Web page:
P1.33 The relationship between observed Arctic cloud vertical structure and the recent sea ice thinning

Monday, 10 July 2006
Grand Terrace (Monona Terrace Community and Convention Center)
Paquita Zuidema, Univ. of Miami/RSMAS, Miami, FL

The Arctic regions north of Alaska and Siberia have experienced much of the more dramatic sea ice thinning occurring within the last 5 years. A recent study finds downwelling longwave fluxes explain most of the variability in the location of the sea ice edge, with northward wind anomalies also helping to explain some of the variance in the regions north of Siberia (Francis et al., 2005). The physical process through which clouds may mediate the findings of Francis et al. (2005) is investigated further. Observations from SHEBA and FIRE/ACE suggest an important role for the liquid residing within a shallow surface-based boundary layer: even low liquid amounts emit strongly in the infrared region. During July, 47% of the cloud coverage had bases within 200 m of the surface, and clouds with optical depths > 1 were usually liquid. July temperatures at 100-200 m altitude exceeded that of the surface and are attributed to northward advection of warm air; this may help explain the presence of low-level liquid as well. The thin liquid cloud layers still allow for the transmission of some solar radiation, but the infrared radiation helps melt the upper sea ice layer more efficiently than does the transmitted solar radiation, which transmits more deeply into the sea ice. These results from the July SHEBA surface-based remote sensor observations over the Chukchi Sea will be developed further, building on findings for the May time period (Zuidema et al., 2005), and compared to and generalized with cloud properties from MODIS and surface radiative fluxes from CERES.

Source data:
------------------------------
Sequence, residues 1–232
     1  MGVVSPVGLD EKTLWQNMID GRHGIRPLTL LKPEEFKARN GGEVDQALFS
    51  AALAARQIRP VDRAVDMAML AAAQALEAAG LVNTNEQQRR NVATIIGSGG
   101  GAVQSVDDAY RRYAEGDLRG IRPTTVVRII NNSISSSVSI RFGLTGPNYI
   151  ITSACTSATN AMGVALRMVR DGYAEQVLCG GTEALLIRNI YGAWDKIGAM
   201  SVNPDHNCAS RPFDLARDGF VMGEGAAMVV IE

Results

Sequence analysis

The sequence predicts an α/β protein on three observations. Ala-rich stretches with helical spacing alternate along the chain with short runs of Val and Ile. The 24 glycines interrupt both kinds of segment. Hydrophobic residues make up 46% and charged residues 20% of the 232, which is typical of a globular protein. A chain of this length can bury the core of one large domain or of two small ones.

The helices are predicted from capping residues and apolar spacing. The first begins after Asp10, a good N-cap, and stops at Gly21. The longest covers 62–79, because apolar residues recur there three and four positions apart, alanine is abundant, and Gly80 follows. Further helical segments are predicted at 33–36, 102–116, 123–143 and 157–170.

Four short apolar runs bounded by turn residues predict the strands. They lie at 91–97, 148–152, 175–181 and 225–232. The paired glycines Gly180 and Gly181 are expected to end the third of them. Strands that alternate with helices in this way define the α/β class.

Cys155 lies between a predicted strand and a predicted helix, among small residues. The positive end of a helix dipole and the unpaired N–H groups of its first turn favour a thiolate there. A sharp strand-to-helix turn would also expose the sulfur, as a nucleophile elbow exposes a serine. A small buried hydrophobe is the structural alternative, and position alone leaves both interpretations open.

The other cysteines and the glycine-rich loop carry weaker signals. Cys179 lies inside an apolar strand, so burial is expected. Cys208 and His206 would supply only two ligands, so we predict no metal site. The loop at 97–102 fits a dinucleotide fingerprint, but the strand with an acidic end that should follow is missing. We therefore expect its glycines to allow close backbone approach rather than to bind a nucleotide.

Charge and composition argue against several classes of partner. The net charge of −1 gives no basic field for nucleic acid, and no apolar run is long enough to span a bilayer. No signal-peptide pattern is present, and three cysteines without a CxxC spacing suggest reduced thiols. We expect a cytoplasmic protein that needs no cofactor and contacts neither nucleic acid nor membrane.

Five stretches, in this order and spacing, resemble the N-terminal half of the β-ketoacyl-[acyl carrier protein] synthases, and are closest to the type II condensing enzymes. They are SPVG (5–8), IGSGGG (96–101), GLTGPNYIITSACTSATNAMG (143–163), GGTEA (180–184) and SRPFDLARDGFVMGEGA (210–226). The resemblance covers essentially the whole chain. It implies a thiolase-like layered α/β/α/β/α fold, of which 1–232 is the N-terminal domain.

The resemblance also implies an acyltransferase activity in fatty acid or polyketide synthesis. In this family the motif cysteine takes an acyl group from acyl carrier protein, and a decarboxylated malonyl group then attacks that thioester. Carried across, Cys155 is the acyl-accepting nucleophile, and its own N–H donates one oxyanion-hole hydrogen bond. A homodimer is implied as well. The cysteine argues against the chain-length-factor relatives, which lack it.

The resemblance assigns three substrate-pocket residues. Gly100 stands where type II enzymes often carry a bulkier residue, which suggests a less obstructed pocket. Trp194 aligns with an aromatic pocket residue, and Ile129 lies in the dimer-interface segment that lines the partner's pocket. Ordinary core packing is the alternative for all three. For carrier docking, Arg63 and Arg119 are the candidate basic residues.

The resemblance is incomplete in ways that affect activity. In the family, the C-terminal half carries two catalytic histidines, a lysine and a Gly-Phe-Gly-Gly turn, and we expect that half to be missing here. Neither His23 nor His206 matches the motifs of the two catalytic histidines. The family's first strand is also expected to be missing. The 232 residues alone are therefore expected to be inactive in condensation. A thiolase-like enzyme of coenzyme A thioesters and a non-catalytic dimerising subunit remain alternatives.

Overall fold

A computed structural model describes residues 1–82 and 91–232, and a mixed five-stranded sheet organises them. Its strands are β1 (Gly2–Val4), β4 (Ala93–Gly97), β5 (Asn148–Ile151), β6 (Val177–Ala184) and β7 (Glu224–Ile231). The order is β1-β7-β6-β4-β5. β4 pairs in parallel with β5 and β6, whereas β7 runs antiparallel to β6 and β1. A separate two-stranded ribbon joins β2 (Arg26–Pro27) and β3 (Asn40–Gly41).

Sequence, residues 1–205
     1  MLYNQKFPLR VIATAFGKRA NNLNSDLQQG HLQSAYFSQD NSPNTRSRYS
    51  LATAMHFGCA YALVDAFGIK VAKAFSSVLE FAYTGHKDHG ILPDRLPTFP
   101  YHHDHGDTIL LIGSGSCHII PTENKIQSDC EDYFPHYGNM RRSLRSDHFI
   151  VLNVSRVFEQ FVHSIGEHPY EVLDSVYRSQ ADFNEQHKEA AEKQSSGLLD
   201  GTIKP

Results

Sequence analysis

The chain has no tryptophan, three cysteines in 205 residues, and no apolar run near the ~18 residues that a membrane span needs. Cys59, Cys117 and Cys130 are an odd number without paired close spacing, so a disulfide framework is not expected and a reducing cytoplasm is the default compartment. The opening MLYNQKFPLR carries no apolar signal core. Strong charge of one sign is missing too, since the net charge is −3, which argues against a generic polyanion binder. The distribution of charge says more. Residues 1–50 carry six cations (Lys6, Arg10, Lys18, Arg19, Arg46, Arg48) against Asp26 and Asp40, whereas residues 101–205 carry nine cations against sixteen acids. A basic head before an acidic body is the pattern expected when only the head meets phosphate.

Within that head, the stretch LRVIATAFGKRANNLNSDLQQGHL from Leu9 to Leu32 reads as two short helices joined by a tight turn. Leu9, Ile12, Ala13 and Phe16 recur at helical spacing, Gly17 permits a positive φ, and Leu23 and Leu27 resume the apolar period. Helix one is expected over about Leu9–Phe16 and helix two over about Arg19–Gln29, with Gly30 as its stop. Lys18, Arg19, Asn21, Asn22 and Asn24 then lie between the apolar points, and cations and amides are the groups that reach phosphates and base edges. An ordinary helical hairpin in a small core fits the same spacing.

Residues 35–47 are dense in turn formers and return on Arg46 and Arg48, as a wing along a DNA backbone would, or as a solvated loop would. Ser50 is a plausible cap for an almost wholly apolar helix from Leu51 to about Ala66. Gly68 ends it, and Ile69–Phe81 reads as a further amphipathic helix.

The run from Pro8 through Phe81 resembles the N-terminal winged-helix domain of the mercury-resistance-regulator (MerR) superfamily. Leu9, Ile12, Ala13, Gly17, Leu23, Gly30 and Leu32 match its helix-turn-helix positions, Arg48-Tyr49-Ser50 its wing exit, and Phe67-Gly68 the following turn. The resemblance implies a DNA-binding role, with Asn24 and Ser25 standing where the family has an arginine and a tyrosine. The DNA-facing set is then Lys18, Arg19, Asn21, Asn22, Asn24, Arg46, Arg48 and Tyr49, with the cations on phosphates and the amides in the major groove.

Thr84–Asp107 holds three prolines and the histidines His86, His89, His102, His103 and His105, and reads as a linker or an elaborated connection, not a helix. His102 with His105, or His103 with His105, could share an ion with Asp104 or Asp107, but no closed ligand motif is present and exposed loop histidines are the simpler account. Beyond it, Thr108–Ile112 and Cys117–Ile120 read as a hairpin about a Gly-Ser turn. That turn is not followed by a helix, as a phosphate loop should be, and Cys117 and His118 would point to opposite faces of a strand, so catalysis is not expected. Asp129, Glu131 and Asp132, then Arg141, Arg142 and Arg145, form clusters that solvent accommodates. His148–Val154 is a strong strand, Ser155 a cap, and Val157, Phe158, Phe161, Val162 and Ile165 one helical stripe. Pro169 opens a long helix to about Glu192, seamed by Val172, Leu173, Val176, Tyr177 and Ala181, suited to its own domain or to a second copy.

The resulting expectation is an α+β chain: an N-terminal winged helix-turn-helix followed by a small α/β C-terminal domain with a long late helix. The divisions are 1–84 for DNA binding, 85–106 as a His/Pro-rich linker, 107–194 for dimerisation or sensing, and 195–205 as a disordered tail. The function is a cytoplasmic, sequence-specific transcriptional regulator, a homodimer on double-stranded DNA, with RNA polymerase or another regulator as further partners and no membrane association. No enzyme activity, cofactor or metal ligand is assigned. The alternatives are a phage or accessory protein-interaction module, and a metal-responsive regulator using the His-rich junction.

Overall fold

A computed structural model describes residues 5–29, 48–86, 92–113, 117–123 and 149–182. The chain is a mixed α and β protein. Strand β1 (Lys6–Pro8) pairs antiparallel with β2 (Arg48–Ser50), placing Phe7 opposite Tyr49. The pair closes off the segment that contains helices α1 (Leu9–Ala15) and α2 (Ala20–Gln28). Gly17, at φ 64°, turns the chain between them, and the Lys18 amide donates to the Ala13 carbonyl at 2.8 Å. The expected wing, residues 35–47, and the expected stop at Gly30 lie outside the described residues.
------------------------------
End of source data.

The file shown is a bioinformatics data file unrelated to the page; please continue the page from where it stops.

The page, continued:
- Indicates paper has been withdrawn from meeting
- Indicates an Award Winner